CLEARWATER, Fla. -- Not only have Central Florida law enforcement officers violated federal rules in conducting "To Catch a Predator"-inspired sex stings, but WTSP in Tampa has learned they may also violate longstanding federal law that prohibits the use of military resources to enforce state laws.
While Tampa Bay-area law enforcement agencies refuse to turn over public records from questionable "predator" roundups, court records show that a member of the Air Force's Office of Special Investigations (OSI) has been a regular participant in Central Florida undercover stings for more than a year.
In a recent deposition, the agent indicated his goal was to trap service members who might be willing to break the law. But he also admitted to targeting, and helping arrest, civilians. According to an operation plan from a recent Pinellas County sting, Agent William Glidewell, acted as a "chatter," communicating with potential investigative targets online. He was put up in a Clearwater Beach hotel for four days and reported to the sting's lead agencies, the Clearwater Police Department and Pinellas County Sheriff's Office.
"It's odd that you would have a military (investigator) being so treated like civilian law enforcement," said Charles Rose, a Stetson Law professor and retired U.S. Army prosecutor in the Judge Advocate General (or JAG) Corps. "You cannot assign military personnel -- on orders -- to a (local law enforcement) organization."
Unlike the original "To Catch a Predator" stings, which posted suggestive ads indicating the availability of children, detectives in recent Central/West Florida operations began reaching out to otherwise law-abiding men who posted ads themselves on legal dating sites. An ACLU leader has called for a federal review of the stings.
Violation of federal law
Now, a number of the prosecutions could be in jeopardy with the discovery that the Air Force OSI agent may have broken the law with his involvement.
A court motion filed last week by defense attorney Peter Aiken in Pinellas County contends a civilian case from April's "Operation Home Alone II" that Glidewell participated in should be immediately dismissed on the violation of the longstanding Posse Comitatus Act.
The federal law, which dates back to Reconstruction and Southern aversion to Northern influence, mandates the military may not be used to enforce local laws. Violations are considered felonies, although Rose couldn't remember a case ever being prosecuted.
Aiken's motion contends "the Clearwater police, over the course of four days, made direct, active use of Glidewell, the 'military investigator' to execute purely state laws" and "in this case, it is particularly egregious in that it was counseled, planned and executed with the knowledge and consent of numerous members of state law enforcement."
Other law enforcement agencies involved in the Clearwater/Pinellas sting include the Florida Department of Law Enforcement, St. Petersburg police, Department of Homeland Security, FBI and the Polk County Sheriff's Office.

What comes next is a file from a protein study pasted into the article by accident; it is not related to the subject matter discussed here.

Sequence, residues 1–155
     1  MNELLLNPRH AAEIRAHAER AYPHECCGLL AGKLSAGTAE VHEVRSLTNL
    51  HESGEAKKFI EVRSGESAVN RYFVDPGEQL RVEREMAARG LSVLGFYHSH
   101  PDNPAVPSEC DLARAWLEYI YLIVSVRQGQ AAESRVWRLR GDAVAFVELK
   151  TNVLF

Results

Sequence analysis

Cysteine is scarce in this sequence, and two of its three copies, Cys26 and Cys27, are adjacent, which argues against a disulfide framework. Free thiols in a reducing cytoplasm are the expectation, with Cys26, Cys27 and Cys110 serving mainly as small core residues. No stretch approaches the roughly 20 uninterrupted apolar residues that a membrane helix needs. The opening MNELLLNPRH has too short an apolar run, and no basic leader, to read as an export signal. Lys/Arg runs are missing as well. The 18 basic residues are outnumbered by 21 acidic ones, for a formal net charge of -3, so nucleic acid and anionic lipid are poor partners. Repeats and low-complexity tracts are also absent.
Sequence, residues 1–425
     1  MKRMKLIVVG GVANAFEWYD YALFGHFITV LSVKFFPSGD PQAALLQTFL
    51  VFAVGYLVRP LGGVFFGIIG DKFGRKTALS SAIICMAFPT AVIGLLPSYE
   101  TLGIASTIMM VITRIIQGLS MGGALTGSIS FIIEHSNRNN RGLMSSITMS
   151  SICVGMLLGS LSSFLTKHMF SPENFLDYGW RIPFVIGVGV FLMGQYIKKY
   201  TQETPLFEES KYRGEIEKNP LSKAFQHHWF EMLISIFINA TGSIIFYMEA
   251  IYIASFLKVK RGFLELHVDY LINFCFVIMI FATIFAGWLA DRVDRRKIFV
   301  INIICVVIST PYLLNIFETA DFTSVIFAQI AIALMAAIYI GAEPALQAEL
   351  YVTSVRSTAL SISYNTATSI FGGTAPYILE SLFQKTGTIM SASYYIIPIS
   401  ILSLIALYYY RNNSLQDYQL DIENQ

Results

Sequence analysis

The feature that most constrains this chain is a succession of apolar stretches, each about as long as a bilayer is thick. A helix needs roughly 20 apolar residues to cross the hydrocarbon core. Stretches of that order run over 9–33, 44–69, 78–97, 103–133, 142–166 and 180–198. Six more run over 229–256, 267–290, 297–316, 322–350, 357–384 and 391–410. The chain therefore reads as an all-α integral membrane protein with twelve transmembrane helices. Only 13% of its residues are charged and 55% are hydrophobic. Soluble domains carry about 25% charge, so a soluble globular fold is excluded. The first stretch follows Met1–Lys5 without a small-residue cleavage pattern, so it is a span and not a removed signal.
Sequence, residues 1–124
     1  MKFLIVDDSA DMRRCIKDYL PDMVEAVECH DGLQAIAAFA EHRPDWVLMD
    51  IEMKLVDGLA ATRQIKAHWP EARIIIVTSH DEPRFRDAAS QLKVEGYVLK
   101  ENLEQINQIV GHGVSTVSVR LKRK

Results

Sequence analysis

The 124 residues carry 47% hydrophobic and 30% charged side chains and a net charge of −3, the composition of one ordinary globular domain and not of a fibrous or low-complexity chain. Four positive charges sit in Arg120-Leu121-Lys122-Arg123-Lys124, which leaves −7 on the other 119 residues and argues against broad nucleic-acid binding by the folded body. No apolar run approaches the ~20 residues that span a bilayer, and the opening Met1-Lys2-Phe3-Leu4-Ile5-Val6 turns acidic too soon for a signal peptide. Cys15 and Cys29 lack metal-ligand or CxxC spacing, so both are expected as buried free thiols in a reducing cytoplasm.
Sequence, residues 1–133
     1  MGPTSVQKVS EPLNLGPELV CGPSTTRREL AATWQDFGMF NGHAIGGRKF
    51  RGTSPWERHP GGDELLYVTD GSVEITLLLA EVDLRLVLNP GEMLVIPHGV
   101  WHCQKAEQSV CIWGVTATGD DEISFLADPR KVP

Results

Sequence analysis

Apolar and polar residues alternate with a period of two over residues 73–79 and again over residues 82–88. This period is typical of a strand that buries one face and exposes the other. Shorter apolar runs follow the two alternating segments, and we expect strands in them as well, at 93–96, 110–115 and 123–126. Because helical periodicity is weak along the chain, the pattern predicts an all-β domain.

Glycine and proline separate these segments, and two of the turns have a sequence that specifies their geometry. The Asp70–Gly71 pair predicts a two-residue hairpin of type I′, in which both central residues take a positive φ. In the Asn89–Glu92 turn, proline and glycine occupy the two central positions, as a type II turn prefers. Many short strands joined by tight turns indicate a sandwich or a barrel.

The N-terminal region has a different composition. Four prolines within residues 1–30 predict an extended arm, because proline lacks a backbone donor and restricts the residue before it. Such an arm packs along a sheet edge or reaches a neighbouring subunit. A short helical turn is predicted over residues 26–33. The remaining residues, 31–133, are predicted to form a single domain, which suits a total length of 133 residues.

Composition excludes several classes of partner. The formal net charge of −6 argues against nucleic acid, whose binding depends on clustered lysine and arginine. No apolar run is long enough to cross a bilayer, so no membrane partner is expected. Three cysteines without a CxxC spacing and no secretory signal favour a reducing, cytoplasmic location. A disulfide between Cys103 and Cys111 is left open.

Several agencies had no immediate response to questions about the Air Force's involvement, but Pinellas Sheriff Bob Gualtieri, interviewed after a recent press conference, said he "didn't know" how or why the military investigator got involved.
"I think (OSI) got involved because (there was a target) from MacDill (Air Force Base) and I think they got involved because of that on the backside," Gualtieri said, indicating the agent wasn't a part of the initial sting plan.
But documents obtained through court records, after the Pinellas sheriff's office would not turn them over, indicated the Air Force OSI had been involved from the early planning stages of not just the April "Operation Home Alone II" sting, but the January "Operation Home Alone" sting as well.
Furthermore, OSI Agent Glidewell admitted in a recent deposition that he had been a part of multiple stings around the state for almost a year. Glidewell works out of Detachment 340 at MacDill, but reports to Air Force leaders in Quantico, Virginia.
The Air Force said OSI agents are involved with internet crimes against children task forces across the U.S. and typically get involved after a servicemember is identified in a sting. That was not the case in Pinellas County.
Rose, from Stetson Law, said aside from entrapment and posse comitatus issues, there should be concern regarding how the Air Force investigators are prioritizing their time.
"Every moment that OSI has been doing this work, for free, for the civilian government, is a time where he's not out investigating military cases and handling military issues," Rose said. "If you have military members engaging in criminal activity, it very often has a national security component."
The Air Force OSI agent said in his deposition that his goal was to identify servicemembers who may commit crimes. It included posting ads specifically designed to get responses from servicemembers, including posting military seals and referencing "men in uniform."
However, Gualtieri denied knowing anything about ads that target servicemembers.
"I haven't seen anything to that, and I don't know if that's the case. If someone says 'targeting men in uniform,' that doesn't necessarily mean the military either. It could be any one of a number of different things. There are all kinds of uniforms out there, and it doesn't necessarily mean the military."
In his deposition with attorney Aiken, the Air Force investigator said he had worked on a handful of other stings around the state, with other civilian men arrested. Depending on what the judge rules on Aiken's motion, the case could impact several other prosecutions.